|Publication number||US4414007 A|
|Application number||US 06/298,052|
|Publication date||Nov 8, 1983|
|Filing date||Aug 31, 1981|
|Priority date||Aug 31, 1981|
|Also published as||DE3232334A1|
|Publication number||06298052, 298052, US 4414007 A, US 4414007A, US-A-4414007, US4414007 A, US4414007A|
|Inventors||Bernard A. Bucchianeri|
|Original Assignee||United States Steel Corporation|
|Export Citation||BiBTeX, EndNote, RefMan|
|Patent Citations (23), Referenced by (1), Classifications (7), Legal Events (8)|
|External Links: USPTO, USPTO Assignment, Espacenet|
This invention relates generally to processes for separating gas mixtures and, more specifically, to purifying compressed gas mixtures by cooling to a low temperature in cyclical alternated regenerators to condense high-boiling constituents of the gas mixture. In a preferred embodiment, this invention relates to purifying coke-oven gas streams to produce a purified stream for use, for example in a hydrogen production plant. The purified gas stream of this preferred embodiment is preferably composed of methane, carbon monoxide, hydrogen and nitrogen.
The use of pairs of filler-loaded, deep-cooled regenerators through which gas mixtures are alternatingly conducted in opposite directions or conducted in alternatingly opposite directions are generally known in the art. Uniformity of operation and a satisfactory removal of the impurities deposited from the gas mixture is their important requirement.
The operation of these regenerator pairs is based on the following principles.
The regenerators are charged with filler masses and initial gas mixtures are passed through a regenerator during a first step conducted at a relatively high pressure, and wherein the high-boiling constituents of the gas mixture are condensed onto the filler masses. During a second step, a scavenging gas is passed through this regenerator at a reduced pressure to remove the condensed high-boiling constituents from the regenerator. This scavenging gas is often used as fuel due to the impurities present. The purified gas stream from the first step is passed through the regenerator in a third step to thereby cool the third regenerator.
Considerable effort has been expended over many years in improving the efficiency and productivity of this method for separating of gas mixtures using regenerators. For example, U.S. Pat. No. 2,715,820, relates to a method for enabling the maintenance of satisfactory work of the regenerators, at a substantially equal pressure of the impure and of the purified gas, as well as the use of a low-pressure for the gas separation to thereby achieve economical operating conditions. U.S. Pat. No. 3,091,093 relates to a method for reducing the amount of scavenging gas necessary for cleansing the regenerator. One of the reasons for this latter invention is to achieve a higher concentration of separated substances. Each of these patents is hereby incorporated by reference.
One of the major problems that exists with the prior art regenerator system is that the scavenging gas in the process of cleaning the regenerators becomes contaminated with impurities. This usually results in a significant reduction in the production of pure gas. In the case wherein part of the purified gas stream from the first regenerator is utilized as a scavenging gas, a significant portion of the purified gas is unfit for certain uses. For example, when the purified gas stream is derived from coke-oven gas and comprises carbon monoxide, methane, hydrogen and nitrogen, the purified gas stream is a suitable feed for a hydrogen production plant. However, the contaminated gas stream that results from cleaning regenerators ordinarily is burned as a fuel because of the impurities present.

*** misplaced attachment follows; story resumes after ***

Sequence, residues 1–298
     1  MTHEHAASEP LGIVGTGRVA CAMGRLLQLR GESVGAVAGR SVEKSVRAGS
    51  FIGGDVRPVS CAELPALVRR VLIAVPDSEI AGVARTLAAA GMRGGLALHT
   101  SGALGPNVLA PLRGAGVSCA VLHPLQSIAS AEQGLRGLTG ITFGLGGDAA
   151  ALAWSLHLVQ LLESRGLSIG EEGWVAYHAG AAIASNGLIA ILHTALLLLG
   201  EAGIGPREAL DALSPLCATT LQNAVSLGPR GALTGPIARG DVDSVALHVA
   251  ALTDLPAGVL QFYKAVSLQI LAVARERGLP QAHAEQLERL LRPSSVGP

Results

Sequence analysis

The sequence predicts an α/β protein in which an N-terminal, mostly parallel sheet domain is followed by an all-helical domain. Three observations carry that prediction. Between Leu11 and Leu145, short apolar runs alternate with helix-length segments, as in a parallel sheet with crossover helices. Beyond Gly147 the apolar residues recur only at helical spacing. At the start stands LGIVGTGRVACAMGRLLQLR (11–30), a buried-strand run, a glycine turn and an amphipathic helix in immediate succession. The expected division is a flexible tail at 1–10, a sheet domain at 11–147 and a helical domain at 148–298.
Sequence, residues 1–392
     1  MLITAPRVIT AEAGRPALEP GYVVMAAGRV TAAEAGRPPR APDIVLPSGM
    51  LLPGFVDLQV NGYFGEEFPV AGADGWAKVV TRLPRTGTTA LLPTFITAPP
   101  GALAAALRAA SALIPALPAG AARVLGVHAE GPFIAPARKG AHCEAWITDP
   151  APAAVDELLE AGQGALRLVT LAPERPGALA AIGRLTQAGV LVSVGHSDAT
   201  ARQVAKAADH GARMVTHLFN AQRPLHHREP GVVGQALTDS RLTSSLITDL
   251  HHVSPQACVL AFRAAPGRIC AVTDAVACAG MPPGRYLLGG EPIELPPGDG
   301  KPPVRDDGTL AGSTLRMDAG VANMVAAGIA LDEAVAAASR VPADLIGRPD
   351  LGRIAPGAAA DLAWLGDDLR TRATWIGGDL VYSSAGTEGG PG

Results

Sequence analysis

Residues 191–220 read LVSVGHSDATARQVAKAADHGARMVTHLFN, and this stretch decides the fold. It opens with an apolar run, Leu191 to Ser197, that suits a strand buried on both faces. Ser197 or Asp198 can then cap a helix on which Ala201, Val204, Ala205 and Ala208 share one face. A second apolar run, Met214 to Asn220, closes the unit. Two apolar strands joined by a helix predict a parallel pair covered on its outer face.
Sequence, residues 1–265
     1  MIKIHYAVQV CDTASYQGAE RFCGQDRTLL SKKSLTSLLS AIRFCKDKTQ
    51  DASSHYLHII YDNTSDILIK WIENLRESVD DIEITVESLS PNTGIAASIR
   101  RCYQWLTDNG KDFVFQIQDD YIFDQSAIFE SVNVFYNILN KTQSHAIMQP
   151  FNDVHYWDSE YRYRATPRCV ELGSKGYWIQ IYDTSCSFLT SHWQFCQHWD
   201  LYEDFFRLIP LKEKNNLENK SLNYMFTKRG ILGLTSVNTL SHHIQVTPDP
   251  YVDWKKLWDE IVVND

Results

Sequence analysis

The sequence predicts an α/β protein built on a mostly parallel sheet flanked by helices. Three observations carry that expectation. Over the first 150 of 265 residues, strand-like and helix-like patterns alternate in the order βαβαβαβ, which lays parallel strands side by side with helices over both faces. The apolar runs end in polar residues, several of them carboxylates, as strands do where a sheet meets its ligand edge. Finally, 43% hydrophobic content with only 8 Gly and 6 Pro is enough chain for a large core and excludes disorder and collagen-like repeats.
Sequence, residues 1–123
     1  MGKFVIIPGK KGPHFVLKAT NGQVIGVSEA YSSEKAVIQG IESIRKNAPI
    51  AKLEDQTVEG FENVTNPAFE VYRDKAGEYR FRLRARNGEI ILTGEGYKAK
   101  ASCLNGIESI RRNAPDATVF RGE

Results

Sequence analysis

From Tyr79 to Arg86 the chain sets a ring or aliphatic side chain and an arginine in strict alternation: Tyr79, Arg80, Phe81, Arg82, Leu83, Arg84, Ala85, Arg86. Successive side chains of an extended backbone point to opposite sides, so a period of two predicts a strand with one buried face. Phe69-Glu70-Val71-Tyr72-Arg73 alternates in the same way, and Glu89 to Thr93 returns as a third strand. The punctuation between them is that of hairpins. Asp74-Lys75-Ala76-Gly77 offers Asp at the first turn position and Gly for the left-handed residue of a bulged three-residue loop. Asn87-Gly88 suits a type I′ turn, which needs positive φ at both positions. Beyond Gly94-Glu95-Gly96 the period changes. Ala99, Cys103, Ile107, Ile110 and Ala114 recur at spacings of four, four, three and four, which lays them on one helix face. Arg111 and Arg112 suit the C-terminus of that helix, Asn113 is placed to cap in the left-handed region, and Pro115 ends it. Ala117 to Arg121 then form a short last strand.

An additional problem with the prior art regenerator system is that when a compressor is utilized prior to the first regenerator in conjunction with a variable source of gas such as from coke ovens, the compressor experiences serious energy inefficiencies. In order to overcome these inefficiencies, it becomes necessary to recycle some of the compressed gas leaving the compressor and feed it back into the same compressor in order to maintain a relatively uniform rate of the gas going through the compressor.
Additionally, a variable source of gas causes inefficiencies in the operation of the regenerators, as well as inefficiencies in processes utilizing as a feed stream the purified gas stream leaving the regenerator system.
The invention described herein relates to a process for the purification of a compressed gas mixture by cooling to low temperatures in cyclical alternated regenerators to condense high-boiling constituents of the gas mixture comprising (1) passing the gas mixture through a first regenerator from the warm end to the cold end of the same to cool the gas mixture and to condense the high-boiling constituents of the mixture thereby producing a purified gas stream; (2) passing a scavenging gas which is at a lower pressure than said gas mixture in the first regenerator through a second regenerator from the cold end to the warm end of the same to clean this second regenerator and to re-evaporate the high-boiling constituents, (3) passing at least part of the purified gas stream through a third regenerator from the cold end to the warm end of the same to re-cool this third regenerator, preferably to the temperature of the first regenerator, and (4) compressing and recycling at least part of the scavenging gas which has passed through the second regenerator through the first regenerator from the warm end to the cold end and repeating the process as defined above. Preferably, the scavenging gas is obtained by expanding part of the purified gas stream. Additionally, it is preferred that the second regenerator comprises two separate regenerators; and part of the expanded purified gas stream from the first regenerator undergoes further pressure reduction and is passed through the regenerator the first of these two regenerators, which is kept at sufficiently low pressure to remove most of the high-boiling constituents; and wherein a different part of the expanded purified gas stream is passed through the second of these two regenerators to thereby remove substantially all of the balance of said high-boiling constituents.